Gujerat, India: participatory monitoring - how farmers, extension volunteers and NGO staff work together in village-level soil and water conservation programmes

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The Aga Khan Rural Support Program (AKRSP) promotes community participation in natural resource management. Here the monitoring process that comprised part of the general 'Participatory Rural Appraisal, Planning and Evaluation' (PRAPE) used in watershed management programs by the AKRSP in rural Gujarat is described. The participatory monitoring sequence involved: 1. Discussion with each farmer in his field. 2. Decisions as to the variables to be monitored with the farmer groups. 3. Ground mapping of base line and impact maps. 4. Paper mapping, mainly through symbols. 5. Presentation of these findings to the watershed outlet groups. 6. Aggregation of the information collected, followed by preparation of aggregate maps. 7. Presentation of the findings to the village community. 8. And finally, the "generation of technology domains and adaptation to village circumstances" The major strengths and advantages of the "dynamic process" of participatory monitoring in projects concerned with natural resource management include; greater clarification of indicators which might otherwise be difficult to measure; the lowering of costs of development programmes in the villages; and eventually (it is hoped) the full internalisation of these methodologies within the village communities. A valuable, but brief, summary of an effective participatory monitoring process using PRA techniques in the field.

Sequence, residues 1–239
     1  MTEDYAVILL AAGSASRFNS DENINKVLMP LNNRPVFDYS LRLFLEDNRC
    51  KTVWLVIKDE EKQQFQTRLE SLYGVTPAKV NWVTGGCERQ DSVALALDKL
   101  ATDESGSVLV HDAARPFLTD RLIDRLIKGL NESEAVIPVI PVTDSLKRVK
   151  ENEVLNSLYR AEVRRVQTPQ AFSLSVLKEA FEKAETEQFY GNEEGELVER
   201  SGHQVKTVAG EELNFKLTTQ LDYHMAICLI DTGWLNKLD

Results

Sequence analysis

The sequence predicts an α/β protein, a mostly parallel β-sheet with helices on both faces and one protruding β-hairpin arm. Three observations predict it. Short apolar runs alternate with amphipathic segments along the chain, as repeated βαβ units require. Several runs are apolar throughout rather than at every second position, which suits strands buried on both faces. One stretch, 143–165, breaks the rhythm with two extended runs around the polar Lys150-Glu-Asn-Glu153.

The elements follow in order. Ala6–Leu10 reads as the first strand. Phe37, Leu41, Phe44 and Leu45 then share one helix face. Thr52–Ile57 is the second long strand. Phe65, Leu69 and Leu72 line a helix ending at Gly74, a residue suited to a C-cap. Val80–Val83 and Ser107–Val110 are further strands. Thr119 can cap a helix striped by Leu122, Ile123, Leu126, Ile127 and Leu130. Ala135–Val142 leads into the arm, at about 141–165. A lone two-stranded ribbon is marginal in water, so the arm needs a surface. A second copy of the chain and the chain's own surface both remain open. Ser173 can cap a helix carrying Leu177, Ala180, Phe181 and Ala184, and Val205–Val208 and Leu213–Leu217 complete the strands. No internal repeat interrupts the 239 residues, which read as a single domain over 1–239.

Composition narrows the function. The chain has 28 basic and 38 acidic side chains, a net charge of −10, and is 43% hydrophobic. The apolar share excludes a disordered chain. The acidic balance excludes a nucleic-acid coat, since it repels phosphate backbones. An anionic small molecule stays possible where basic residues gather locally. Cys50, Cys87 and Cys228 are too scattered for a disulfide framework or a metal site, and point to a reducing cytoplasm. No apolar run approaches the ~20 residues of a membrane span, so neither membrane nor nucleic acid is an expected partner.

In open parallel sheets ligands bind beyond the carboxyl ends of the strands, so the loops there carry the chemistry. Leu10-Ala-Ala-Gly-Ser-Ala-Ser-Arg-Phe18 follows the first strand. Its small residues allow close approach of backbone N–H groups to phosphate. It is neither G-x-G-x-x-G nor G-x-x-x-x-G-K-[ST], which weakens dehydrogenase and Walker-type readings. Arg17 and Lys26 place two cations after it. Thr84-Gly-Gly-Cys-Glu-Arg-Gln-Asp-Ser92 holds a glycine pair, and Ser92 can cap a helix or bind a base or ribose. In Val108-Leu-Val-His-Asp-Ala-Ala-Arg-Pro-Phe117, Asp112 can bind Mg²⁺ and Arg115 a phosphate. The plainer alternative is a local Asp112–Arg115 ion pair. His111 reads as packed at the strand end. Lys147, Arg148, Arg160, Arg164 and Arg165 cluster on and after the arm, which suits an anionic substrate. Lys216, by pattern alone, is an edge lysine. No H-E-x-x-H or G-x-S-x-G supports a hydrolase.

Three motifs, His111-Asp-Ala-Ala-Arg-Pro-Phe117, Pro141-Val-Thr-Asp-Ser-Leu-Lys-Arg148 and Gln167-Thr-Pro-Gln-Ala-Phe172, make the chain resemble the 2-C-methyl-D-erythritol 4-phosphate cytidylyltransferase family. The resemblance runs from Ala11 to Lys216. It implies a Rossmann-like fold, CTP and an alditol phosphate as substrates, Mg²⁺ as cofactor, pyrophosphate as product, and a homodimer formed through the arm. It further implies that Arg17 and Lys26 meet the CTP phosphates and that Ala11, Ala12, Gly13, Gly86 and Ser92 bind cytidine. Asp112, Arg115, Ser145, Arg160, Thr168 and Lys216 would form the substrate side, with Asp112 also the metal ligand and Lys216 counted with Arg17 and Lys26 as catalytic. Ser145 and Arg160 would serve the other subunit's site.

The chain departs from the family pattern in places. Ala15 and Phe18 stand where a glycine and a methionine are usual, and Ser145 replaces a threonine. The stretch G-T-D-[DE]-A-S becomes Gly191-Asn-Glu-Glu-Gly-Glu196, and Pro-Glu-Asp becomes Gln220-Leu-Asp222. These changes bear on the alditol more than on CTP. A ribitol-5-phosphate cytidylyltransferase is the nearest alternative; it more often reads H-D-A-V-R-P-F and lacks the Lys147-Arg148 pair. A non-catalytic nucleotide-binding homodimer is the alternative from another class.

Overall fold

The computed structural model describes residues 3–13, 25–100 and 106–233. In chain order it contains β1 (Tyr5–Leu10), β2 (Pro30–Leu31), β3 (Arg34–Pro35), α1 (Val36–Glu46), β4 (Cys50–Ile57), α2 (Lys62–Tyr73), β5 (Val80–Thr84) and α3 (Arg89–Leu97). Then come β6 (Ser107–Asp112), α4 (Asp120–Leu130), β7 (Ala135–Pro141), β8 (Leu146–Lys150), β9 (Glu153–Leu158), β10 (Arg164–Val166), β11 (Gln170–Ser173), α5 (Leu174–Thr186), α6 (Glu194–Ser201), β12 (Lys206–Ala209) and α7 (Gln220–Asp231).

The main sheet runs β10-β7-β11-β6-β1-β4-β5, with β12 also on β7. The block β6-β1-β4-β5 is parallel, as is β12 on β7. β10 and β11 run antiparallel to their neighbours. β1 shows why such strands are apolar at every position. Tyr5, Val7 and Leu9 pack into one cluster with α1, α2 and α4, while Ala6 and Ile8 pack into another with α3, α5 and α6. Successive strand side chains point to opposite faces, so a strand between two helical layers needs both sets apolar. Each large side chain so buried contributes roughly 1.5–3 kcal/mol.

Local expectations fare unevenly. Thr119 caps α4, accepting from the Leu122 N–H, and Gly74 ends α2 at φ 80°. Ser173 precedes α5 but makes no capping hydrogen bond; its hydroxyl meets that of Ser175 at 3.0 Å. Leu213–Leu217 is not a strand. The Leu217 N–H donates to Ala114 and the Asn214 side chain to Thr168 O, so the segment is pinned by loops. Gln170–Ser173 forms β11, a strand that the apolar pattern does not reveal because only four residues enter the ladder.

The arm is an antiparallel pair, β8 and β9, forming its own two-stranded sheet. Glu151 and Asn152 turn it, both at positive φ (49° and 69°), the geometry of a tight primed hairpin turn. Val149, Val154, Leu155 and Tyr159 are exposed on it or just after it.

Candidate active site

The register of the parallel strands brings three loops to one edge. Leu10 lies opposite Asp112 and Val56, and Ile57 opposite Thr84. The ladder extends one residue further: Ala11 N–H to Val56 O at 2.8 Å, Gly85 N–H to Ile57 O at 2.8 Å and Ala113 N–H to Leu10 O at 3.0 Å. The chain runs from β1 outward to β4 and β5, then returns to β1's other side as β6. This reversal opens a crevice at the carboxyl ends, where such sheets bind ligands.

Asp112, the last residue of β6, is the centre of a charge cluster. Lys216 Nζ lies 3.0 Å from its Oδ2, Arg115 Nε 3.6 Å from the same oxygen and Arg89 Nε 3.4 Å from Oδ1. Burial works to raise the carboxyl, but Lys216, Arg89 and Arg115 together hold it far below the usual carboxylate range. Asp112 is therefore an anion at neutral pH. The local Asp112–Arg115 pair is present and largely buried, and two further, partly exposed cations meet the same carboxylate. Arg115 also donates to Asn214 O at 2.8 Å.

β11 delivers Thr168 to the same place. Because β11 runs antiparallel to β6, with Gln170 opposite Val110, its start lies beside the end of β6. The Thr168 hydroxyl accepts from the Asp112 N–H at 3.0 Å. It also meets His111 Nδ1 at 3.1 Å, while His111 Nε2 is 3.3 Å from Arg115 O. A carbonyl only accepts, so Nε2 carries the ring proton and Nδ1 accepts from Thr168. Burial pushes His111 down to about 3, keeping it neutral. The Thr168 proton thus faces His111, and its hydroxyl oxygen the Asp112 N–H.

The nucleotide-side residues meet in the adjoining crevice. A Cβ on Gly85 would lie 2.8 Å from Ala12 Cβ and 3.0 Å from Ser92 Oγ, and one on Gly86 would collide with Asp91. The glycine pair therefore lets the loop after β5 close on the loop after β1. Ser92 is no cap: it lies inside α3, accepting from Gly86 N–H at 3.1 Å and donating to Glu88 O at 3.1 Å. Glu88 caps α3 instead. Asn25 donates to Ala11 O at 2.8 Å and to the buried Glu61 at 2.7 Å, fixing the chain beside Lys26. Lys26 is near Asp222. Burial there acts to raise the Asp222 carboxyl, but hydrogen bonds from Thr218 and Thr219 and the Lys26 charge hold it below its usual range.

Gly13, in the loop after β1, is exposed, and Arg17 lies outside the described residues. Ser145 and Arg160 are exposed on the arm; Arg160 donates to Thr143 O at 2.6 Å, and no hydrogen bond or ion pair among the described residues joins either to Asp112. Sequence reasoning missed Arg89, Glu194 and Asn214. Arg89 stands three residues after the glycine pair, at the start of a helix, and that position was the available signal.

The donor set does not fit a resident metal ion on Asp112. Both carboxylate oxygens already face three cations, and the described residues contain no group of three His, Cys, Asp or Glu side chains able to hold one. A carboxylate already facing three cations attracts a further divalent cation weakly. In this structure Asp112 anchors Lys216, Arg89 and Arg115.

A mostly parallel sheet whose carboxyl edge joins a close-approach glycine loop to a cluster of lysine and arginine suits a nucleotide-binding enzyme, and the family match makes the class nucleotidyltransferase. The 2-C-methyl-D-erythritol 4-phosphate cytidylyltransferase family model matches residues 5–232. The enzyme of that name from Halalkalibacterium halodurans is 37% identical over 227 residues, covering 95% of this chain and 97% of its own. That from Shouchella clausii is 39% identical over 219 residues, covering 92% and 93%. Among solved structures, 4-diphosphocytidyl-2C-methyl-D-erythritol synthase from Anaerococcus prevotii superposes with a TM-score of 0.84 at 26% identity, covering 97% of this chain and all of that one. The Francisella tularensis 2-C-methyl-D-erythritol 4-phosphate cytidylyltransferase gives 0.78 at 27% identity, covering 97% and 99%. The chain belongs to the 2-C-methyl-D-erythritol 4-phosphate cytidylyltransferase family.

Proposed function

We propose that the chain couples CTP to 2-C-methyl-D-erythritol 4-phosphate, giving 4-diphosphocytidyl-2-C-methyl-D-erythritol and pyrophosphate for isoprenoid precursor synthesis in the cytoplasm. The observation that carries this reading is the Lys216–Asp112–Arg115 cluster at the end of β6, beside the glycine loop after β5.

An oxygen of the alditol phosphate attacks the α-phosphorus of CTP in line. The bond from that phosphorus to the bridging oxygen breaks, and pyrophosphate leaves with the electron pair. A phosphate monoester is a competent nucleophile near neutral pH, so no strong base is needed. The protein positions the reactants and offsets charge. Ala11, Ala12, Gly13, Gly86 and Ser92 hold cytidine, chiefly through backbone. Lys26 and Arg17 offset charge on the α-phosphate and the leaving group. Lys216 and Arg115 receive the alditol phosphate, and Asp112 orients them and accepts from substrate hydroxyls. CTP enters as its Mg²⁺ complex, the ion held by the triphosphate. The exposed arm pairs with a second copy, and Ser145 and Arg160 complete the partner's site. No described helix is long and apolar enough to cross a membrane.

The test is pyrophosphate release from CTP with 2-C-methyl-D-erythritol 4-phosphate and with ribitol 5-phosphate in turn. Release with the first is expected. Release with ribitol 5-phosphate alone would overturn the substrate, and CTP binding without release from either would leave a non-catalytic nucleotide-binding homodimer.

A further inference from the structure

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This article may be of interest to NGO policy makers and planners, as well as fieldworkers and practitioners - especially those concerned with the development of village level participatory monitoring techniques.
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Journal Title: 
Rural Extension Bulletin
Agricultural Extension and Rural Development Department, University of Reading, 3 Earley Gate, Whiteknights Road, Reading, RG6 2AL, UK